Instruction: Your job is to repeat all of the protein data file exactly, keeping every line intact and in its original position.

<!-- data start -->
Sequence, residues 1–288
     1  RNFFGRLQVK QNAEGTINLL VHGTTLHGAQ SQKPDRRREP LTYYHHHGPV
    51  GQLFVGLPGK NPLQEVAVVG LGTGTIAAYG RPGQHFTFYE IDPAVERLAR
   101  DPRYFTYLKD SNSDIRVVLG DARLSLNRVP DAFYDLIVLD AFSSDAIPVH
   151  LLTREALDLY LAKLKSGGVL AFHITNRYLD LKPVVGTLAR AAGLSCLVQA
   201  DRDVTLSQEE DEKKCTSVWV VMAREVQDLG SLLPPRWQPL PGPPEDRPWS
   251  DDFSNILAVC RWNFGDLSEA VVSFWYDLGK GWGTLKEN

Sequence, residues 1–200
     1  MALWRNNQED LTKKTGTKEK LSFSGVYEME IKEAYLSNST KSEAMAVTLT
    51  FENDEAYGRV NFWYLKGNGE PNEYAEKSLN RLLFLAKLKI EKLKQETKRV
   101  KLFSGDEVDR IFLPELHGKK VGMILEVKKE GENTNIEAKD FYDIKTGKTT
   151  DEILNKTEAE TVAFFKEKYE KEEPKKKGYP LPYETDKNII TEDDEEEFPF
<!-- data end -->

Sequence, residues 1–288
     1  RNFFGRLQVK QNAEGTINLL VHGTTLHGAQ SQKPDRRREP LTYYHHHGPV
    51  GQLFVGLPGK NPLQEVAVVG LGTGTIAAYG RPGQHFTFYE IDPAVERLAR
   101  DPRYFTYLKD SNSDIRVVLG DARLSLNRVP DAFYDLIVLD AFSSDAIPVH
   151  LLTREALDLY LAKLKSGGVL AFHITNRYLD LKPVVGTLAR AAGLSCLVQA
   201  DRDVTLSQEE DEKKCTSVWV VMAREVQDLG SLLPPRWQPL PGPPEDRPWS
   251  DDFSNILAVC RWNFGDLSEA VVSFWYDLGK GWGTLKEN

Sequence, residues 1–200
     1  MALWRNNQED LTKKTGTKEK LSFSGVYEME IKEAYLSNST KSEAMAVTLT
    51  FENDEAYGRV NFWYLKGNGE PNEYAEKSLN RLLFLAKLKI EKLKQETKRV
   101  KLFSGDEVDR IFLPELHGKK VGMILEVKKE GENTNIEAKD FYDIKTGKTT
   151  DEILNKTEAE TVAFFKEKYE KEEPKKKGYP LPYETDKNII TEDDEEEFPF